Today we are celebrating the release of Nick S. Klaus, Katie Mettner's new Christmas story! I asked Katie what her favorite part of the book was and this is what she told me.
|Nick S. Klaus on Amazon|
Ben fiddled with his basketball, but slowly looked up to the sky. “I was just wondering if you thought I had to go to my dad’s wedding.”
“Well, Ben, it really doesn’t matter what I think. That’s between you, your dad, and your mom.”
“He really wants us to come.”
“You’re his kids. I’m sure he wants you there to celebrate that day with him.”
“What if I don’t want to celebrate that day with him?”
I felt like this was dangerous territory. On one hand, he needed someone to talk to, and on the other hand, I had to be very careful about what I said. Going or not going to his father’s wedding was something that wasn’t my decision to make. I switched into principal mode to sort this out. “Can you tell me why you wouldn’t want to celebrate with him?”
He turned to me then, and his face was beet red with eyes of fire. It reminded me a lot of when his mom got mad, and I tried not to smile. “Do you know what he did to our family?” he asked, his tone filled with anger and hurt. I nodded without speaking. “Would you want to go to his wedding and pretend to be happy about it?” I shook my head no. “Me, either.” He sank back into the chair and kicked his legs some more, anger still radiating from him.
“What part about him getting remarried is really bothering you, Benji?”
“Would you please not call me that? I prefer Ben.”
“Of course, I’m sorry, Ben it is.”
“Have you ever walked in on your dad naked with another woman before, Nick?”
I was taking a drink of root beer and nearly choked when I tried to swallow. I coughed a few times and finally held my hand up. “No, I can’t say I have. My father is dead.”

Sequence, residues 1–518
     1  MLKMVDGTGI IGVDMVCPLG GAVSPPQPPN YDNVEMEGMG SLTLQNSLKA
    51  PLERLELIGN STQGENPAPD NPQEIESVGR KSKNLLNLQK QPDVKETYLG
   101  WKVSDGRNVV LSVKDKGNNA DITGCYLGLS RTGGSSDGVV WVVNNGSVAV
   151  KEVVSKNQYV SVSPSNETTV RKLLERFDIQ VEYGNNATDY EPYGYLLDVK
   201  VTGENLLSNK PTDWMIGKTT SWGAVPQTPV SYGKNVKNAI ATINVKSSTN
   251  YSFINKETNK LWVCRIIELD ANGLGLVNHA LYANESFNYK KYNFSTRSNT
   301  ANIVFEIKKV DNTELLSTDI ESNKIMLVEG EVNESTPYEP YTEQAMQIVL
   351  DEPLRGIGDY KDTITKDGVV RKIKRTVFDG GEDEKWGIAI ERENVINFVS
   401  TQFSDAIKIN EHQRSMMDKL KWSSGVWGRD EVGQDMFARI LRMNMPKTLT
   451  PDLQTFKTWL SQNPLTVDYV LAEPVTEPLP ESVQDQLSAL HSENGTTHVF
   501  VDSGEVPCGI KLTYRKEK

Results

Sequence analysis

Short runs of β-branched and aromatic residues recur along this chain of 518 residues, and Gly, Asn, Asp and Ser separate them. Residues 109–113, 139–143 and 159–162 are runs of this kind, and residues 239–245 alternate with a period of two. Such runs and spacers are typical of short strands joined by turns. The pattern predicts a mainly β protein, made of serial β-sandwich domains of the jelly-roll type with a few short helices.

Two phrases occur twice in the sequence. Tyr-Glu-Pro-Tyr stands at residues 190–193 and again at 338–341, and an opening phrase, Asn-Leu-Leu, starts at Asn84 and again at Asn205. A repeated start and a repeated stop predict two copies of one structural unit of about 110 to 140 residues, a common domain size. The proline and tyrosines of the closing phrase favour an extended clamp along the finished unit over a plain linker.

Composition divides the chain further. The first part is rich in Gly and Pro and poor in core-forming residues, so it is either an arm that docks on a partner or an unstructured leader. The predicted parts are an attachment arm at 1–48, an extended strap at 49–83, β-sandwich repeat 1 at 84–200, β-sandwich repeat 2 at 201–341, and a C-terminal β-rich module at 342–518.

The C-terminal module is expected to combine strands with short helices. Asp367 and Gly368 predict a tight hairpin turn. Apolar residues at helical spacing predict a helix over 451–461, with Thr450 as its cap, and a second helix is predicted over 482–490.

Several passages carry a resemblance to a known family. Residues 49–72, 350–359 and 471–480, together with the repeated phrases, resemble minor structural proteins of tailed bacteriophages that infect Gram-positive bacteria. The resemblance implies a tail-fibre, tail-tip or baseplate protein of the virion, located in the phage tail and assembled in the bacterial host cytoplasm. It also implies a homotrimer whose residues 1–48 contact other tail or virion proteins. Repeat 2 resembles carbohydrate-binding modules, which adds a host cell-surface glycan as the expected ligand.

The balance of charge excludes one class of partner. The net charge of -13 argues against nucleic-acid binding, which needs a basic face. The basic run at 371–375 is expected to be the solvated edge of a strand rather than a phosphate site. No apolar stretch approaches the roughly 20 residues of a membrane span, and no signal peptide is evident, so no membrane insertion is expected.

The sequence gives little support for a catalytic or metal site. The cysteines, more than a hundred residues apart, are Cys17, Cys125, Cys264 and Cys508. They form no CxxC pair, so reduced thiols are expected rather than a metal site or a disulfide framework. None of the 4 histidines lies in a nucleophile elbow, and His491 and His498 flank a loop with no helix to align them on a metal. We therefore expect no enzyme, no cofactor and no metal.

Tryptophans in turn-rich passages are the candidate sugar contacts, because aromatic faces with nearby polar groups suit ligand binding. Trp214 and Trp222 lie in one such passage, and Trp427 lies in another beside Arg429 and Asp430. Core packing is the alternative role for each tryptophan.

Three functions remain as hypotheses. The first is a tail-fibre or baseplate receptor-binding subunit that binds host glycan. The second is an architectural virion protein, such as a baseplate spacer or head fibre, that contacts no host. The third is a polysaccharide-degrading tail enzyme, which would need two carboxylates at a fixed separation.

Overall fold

“Oh, I’m sorry,” he answered looking down at the ground.
“It was a long time ago, Ben. What happened between your parents was a long time ago too, but it appears it still upsets you. You were very young when your parents broke up. How much do you really remember?”
“I was five and I will never forget what I saw that day, Nick, ever. Maybe at five I didn’t know why he was standing there naked with another woman who wasn’t my mom, but I understand it all very well now.”
“I suppose you do,” I said, trying not to be judgmental towards his father. I had to stay neutral. I had to be Switzerland.
“Does it make me a bad person for not loving him very much?”
“Whoa, Ben, I think maybe you need to talk with your mom about this. I will go with you, if you want.”
“So you do think it makes me a bad person.”
“I didn’t say that, but if you’re that upset about your dad then maybe you need to talk to someone to work through it.”
“I’m talking to you,” he said as though I didn’t have four college degrees.
“Okay, then I’ll answer. I don’t think it makes you a bad person. I think it makes you a hurt, angry, and sad person, at least when it comes to your relationship with your dad. My guess is you don’t trust him very much?”